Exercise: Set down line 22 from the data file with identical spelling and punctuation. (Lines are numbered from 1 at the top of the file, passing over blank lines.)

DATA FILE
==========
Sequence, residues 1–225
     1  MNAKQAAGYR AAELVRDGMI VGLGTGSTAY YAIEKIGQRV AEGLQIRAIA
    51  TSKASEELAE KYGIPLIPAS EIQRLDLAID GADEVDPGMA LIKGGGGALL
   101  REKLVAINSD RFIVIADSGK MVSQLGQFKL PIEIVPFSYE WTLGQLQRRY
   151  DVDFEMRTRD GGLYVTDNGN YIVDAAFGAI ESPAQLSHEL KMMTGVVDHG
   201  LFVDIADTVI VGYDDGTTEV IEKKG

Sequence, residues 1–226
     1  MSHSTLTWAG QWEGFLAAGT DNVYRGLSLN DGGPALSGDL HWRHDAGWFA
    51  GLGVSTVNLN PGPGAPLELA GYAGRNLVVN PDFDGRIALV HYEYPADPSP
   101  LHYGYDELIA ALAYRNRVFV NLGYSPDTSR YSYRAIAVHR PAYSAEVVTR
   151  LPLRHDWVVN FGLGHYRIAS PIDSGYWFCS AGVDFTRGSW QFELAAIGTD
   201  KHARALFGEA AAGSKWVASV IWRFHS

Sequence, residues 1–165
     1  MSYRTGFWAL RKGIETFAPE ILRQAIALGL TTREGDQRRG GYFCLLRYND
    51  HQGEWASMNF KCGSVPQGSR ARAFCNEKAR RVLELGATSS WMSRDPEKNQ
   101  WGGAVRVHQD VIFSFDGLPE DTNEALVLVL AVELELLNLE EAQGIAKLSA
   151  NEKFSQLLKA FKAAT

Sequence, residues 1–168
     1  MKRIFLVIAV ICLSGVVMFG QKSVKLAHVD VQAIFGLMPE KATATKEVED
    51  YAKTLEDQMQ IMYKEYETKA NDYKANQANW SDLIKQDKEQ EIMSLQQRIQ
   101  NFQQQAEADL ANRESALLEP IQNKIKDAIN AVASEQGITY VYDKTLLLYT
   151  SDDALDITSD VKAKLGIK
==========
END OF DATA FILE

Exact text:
   151  SDDALDITSD VKAKLGIK